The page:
Headline Nov 25, 2014/



A CALORIE is a calorie. Eat too many and spend too few, and you will become obese and sickly.

This is the conventional wisdom. But increasingly, it looks too simplistic. All calories do not seem to be created equal.

And the way the body processes the same calories may vary dramatically from one person to the next.

This is the intriguing suggestion from the  ''latest research''   into metabolic syndrome, the nasty clique that includes high blood pressure, high blood sugar, unbalanced cholesterol, and of course, obesity.

This uniquely modern scourge has swept across America, and even most of the world, and the obesity rates are getting notoriously high.

So it is doing damage from Mexico to South Africa and India, raising levels of disease and pushing up health costs.  

HEART DISEASE : is one of the biggest killers and is often linked to problems caused by obesity.

But you might be better off having a heart attack than suffering acute failure. This is because treatments for heart attacks have been steadily improving over the years whereas-

 Heart failure has remained something of a Cinderella in cardiology. That could be about to change.

A heart attack, which is also called a  myocardial infarction,  is caused by the heart's own blood supply failing to reach the muscles that do the work of pumping the blood around the body. 

This deprives the muscle of oxygen. Often a heart attack is caused by a blocked blood vessel. Heart failure refers to the pumping action itself deteriorating, which might be due to a number of conditions:

Such as high blood pressure, faulty valves or damage left by a heart attack.

Survival rates for heart-attack patients have improved greatly. The latest Myocardial Ischaemia  National Audit Project, a monitoring programme in Britain, shows:

That  8%  of the patients with a heart attack die within 30 days of admission to hospital, compared with over 12% in 2004.

For heart failure, however, things have remained largely unchanged since the 1970s.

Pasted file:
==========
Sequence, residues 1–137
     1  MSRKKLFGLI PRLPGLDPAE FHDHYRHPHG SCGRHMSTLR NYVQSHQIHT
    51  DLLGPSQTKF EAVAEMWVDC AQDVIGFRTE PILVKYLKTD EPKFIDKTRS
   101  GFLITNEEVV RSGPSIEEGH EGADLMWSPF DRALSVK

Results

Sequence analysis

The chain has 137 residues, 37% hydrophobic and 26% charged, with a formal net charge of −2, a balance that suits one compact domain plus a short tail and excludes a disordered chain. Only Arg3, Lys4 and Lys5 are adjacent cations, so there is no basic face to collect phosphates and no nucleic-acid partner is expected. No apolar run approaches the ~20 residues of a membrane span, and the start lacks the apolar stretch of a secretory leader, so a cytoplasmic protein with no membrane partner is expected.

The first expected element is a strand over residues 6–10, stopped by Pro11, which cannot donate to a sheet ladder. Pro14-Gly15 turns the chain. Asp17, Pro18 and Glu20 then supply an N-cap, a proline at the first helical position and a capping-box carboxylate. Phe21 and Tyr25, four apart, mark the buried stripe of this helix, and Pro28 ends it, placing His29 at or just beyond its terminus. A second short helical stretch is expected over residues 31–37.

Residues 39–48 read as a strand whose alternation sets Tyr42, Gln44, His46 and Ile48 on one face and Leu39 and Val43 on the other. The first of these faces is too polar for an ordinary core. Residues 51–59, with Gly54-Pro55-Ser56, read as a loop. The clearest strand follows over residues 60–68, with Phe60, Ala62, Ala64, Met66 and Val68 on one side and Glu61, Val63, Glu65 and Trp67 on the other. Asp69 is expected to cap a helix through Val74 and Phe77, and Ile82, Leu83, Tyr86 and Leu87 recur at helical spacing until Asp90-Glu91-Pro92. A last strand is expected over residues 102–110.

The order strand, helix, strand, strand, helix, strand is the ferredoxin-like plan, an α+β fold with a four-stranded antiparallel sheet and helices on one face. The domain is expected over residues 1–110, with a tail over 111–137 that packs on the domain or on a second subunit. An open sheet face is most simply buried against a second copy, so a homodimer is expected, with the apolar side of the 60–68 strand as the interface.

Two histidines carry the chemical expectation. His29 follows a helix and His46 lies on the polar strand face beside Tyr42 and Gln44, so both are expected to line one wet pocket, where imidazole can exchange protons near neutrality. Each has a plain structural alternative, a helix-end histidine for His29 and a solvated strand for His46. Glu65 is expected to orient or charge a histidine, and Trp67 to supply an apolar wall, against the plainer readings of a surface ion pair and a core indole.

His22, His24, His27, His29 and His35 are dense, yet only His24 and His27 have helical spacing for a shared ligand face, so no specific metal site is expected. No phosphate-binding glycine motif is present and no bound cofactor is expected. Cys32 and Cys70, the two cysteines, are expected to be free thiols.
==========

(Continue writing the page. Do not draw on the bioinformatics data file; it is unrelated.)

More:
Every year some  3.5 million people in America and the European Union are admitted to hospital suffering from acute heart failure. Around 30% of them are likely to die within a year.

Drugs are given to alleviate unpleasant symptoms, like breathlessness, congestion and pain.

But in the past two decades only a couple of new drugs have been approved to help patients.Now a number of treatments for heart failure are in the pipeline.

This amounts to  ''seismic shift in the landscape''  for acute failure, says Martin Cowie, a professor of cardiology at the Royal Brompton Hospital in London.

The new drugs being developed not only appear to reduce mortality rates, he adds, but also help to avoid long-lasting damaging effects to organs.

Some of the existing drug treatments work by impairing and dampening body's own response to cardiac conditions. 

For example, beta blockers,  also given to those who suffer heart attacks, interfere with receptors on  cells in the heart muscle to weaken the effect of stress hormones binding with those cells.

Some of the new treatments instead exaggerate and increase the  natural reactions to heart stress that occur in healthy people.

The honour and serving of the operational research continues. Thank you for reading, =and may be learning. See Ya on the following one. 

With respectful dedication to all the Parents and Students, Professors and Teachers  in the world. See Ya all on !WOW!  -the World Students Society Computers-Internet-Wireless:

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